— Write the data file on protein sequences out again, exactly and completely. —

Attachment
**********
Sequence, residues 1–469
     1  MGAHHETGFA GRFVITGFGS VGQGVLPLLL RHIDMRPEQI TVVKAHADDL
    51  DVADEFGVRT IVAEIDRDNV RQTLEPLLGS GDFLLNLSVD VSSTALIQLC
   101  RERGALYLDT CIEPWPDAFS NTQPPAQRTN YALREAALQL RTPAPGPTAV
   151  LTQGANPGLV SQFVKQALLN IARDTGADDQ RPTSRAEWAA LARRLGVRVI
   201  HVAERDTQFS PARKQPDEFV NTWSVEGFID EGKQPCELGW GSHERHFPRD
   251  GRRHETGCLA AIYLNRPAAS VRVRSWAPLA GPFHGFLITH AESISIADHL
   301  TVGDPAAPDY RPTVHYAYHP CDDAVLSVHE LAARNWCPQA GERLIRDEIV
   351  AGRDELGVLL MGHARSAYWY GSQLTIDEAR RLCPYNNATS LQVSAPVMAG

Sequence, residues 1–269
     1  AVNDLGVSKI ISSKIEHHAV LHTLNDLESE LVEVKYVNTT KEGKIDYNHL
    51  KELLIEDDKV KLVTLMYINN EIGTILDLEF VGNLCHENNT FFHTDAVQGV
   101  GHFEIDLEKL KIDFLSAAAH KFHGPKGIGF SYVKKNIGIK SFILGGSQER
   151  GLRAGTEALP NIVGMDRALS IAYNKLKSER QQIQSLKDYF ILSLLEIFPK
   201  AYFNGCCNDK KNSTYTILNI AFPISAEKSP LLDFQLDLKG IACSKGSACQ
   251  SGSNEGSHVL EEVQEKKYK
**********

Sequence, residues 1–469
     1  MGAHHETGFA GRFVITGFGS VGQGVLPLLL RHIDMRPEQI TVVKAHADDL
    51  DVADEFGVRT IVAEIDRDNV RQTLEPLLGS GDFLLNLSVD VSSTALIQLC
   101  RERGALYLDT CIEPWPDAFS NTQPPAQRTN YALREAALQL RTPAPGPTAV
   151  LTQGANPGLV SQFVKQALLN IARDTGADDQ RPTSRAEWAA LARRLGVRVI
   201  HVAERDTQFS PARKQPDEFV NTWSVEGFID EGKQPCELGW GSHERHFPRD
   251  GRRHETGCLA AIYLNRPAAS VRVRSWAPLA GPFHGFLITH AESISIADHL
   301  TVGDPAAPDY RPTVHYAYHP CDDAVLSVHE LAARNWCPQA GERLIRDEIV
   351  AGRDELGVLL MGHARSAYWY GSQLTIDEAR RLCPYNNATS LQVSAPVMAG

Sequence, residues 1–269
     1  AVNDLGVSKI ISSKIEHHAV LHTLNDLESE LVEVKYVNTT KEGKIDYNHL
    51  KELLIEDDKV KLVTLMYINN EIGTILDLEF VGNLCHENNT FFHTDAVQGV
   101  GHFEIDLEKL KIDFLSAAAH KFHGPKGIGF SYVKKNIGIK SFILGGSQER
   151  GLRAGTEALP NIVGMDRALS IAYNKLKSER QQIQSLKDYF ILSLLEIFPK
   201  AYFNGCCNDK KNSTYTILNI AFPISAEKSP LLDFQLDLKG IACSKGSACQ
   251  SGSNEGSHVL EEVQEKKYK